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Paragon’s Brian Blase and Joe Albanese Submit Letter to MedPAC on Financial Incentives for Alternative Payment Models

Senior Policy Analyst at Paragon Health Institute
Joe Albanese is a Senior Policy Analyst with Paragon Health Institute. He comes to Paragon with over six years of federal and nonprofit public policy experience.
President at Paragon Health Institute
Brian Blase, Ph.D., is the President of Paragon Health Institute. Brian was Special Assistant to the President for Economic Policy at the White House’s National Economic Council (NEC) from 2017-2019, where he coordinated the development and execution of numerous health policies and advised the President, NEC director, and senior officials. After leaving the White House, Brian founded Blase Policy Strategies and serves as its CEO.

On October 27, 2023, Brian Blase and Joe Albanese submitted a letter to Michael Chernew of MedPAC discussing policies to alter or eliminate financial incentives for advanced alternative payment model (APM) participation.

Dear Dr. Chernew:

At its October 5, 2023, public meeting, the Medicare Payment Advisory Commission (MedPAC) discussed Medicare’s payment rates for clinician services. A key question raised by MedPAC staff was whether to recommend restructuring or eliminating the bonus to clinicians participating in advanced alternative payment models (APMs), as well as the differential payment updates for them from 2026 onward. We are writing to offer our analysis that these payment policies are not working as intended.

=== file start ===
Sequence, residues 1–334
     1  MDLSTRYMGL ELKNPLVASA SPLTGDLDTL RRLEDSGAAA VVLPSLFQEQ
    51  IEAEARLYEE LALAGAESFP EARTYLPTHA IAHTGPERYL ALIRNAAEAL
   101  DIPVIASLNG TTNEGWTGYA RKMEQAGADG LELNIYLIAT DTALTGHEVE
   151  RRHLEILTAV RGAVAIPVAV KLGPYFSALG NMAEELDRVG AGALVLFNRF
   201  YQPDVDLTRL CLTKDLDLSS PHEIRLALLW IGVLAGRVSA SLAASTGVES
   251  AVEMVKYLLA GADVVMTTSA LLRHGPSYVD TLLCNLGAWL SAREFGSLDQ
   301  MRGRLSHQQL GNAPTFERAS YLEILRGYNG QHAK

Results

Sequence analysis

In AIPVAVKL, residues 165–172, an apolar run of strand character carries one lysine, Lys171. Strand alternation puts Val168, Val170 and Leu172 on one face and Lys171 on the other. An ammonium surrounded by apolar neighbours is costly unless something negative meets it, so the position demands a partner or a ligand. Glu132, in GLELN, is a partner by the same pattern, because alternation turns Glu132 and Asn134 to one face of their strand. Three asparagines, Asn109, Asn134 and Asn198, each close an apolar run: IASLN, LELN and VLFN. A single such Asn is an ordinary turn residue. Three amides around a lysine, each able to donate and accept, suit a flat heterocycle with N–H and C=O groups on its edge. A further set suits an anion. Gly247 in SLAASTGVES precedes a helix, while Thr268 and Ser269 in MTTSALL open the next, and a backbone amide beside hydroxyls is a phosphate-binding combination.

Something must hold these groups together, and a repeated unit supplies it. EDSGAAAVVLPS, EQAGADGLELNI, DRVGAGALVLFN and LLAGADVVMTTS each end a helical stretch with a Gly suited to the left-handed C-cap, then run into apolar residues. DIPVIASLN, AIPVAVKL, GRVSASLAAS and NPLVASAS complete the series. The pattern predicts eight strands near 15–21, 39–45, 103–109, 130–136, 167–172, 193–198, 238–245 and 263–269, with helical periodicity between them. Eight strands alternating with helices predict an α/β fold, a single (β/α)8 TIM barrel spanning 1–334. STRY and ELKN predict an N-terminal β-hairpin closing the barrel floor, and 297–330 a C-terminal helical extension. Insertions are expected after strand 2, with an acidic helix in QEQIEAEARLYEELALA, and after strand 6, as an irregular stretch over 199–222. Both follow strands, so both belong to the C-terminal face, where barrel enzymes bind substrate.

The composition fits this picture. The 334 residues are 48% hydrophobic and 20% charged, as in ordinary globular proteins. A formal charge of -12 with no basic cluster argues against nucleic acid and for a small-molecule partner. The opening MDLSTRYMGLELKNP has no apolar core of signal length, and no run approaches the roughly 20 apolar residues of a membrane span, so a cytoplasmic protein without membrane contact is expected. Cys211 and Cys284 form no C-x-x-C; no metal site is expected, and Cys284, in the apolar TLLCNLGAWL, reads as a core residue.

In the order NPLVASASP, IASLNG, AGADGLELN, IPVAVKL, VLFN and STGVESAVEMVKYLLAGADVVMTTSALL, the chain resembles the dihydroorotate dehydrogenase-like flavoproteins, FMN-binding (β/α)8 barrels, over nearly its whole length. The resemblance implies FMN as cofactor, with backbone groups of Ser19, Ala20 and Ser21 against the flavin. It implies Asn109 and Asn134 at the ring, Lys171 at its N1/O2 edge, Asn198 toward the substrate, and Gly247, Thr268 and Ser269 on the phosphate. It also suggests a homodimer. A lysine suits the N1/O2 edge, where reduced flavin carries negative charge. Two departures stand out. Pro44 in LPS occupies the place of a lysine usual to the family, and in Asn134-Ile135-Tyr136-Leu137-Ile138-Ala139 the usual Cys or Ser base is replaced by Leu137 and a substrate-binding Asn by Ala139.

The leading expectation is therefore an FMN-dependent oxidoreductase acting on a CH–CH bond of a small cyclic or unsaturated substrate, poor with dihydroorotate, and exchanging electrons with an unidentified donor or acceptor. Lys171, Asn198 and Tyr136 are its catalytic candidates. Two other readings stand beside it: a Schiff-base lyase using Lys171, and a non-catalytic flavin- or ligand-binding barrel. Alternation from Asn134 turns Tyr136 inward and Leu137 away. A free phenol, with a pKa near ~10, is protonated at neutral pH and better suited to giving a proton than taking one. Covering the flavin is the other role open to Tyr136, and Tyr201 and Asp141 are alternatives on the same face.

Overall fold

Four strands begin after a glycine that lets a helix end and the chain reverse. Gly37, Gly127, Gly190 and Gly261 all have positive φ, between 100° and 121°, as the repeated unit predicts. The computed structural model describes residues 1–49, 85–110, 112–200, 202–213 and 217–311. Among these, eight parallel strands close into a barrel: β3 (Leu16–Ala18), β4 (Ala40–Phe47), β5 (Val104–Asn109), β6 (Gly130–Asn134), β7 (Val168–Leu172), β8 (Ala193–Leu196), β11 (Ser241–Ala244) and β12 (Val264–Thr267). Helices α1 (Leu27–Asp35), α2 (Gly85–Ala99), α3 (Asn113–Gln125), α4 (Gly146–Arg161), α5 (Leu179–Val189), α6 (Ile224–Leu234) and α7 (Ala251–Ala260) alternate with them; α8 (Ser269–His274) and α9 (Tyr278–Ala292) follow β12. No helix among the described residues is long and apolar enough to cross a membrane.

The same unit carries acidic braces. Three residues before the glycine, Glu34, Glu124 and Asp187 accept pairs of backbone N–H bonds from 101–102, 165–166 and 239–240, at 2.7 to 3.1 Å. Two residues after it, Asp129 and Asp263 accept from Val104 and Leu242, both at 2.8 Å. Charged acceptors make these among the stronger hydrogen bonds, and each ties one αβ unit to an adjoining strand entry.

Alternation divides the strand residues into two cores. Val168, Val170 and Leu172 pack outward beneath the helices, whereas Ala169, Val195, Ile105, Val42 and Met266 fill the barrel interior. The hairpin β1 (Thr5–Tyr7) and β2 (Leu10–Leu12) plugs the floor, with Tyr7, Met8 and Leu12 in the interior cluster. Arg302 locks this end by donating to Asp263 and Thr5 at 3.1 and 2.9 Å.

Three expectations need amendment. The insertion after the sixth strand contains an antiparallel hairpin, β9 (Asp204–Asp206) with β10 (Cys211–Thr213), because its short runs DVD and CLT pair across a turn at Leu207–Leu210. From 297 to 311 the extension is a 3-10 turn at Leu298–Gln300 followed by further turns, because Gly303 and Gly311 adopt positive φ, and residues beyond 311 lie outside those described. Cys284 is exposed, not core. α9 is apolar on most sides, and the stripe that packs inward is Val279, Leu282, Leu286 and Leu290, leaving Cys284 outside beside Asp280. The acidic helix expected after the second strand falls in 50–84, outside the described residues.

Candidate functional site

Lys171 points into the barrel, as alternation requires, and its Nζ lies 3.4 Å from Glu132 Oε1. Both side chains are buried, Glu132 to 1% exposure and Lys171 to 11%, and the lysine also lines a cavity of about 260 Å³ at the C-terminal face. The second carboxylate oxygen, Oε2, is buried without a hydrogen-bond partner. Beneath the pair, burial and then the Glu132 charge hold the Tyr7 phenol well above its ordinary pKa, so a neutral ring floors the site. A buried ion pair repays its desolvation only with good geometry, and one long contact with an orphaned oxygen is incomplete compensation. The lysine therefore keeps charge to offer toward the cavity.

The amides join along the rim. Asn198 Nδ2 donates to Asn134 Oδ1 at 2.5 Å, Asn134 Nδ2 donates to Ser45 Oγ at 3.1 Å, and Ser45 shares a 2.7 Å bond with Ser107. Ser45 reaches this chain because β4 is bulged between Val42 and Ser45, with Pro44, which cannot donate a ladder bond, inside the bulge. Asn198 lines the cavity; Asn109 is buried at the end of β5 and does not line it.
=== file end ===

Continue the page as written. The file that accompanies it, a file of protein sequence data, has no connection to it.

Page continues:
Medicare’s framework for value-based care is deeply flawed and needs reform. It does not seem that the current APM bonuses encourage higher quality and less costly care in Medicare. Furthermore, the track record of Medicare APMs has been worse than expected. The current evidence does not justify subsidizing advanced APM participation.

Paragon Health Institute is a nonprofit, nonpartisan health care policy think tank dedicated to empowering patients and reforming government programs. Our analysis draws on the experience of a diverse range of experts, including former federal officials and academic researchers. Most recently, our staff has published research and delivered congressional testimony on the Medicare Access and CHIP Reauthorization Act of 2015 (MACRA).1

1. Financial Incentives for Alternative Payment Model Participation

Under MACRA, Medicare APM participation was generally considered a more effective mechanism for encouraging value-based care than the Merit-Based Incentive Payment System (MIPS). The bonuses and increased payment updates offered to participants reflected this belief. Since 2018, MedPAC has concluded that MIPS should be eliminated. Additional evidence reaffirms that MIPS will not succeed in improving value in Medicare.2 Repeal would reduce the need for financial incentives to participate in advanced APMs, as there would be no alternative value-based pathway.

There are a few major flaws with the advanced APM bonuses themselves as well. First, the availability of such bonuses is unequal. Medicare APMs by design often apply to discrete types of providers, services and health conditions, or geographic areas, which leaves some clinicians unable to become advanced APM participants due to these characteristics, even if they would otherwise be willing to do so. For example, evidence shows that providers in rural or shortage areas are less likely to participate in advanced APMs.3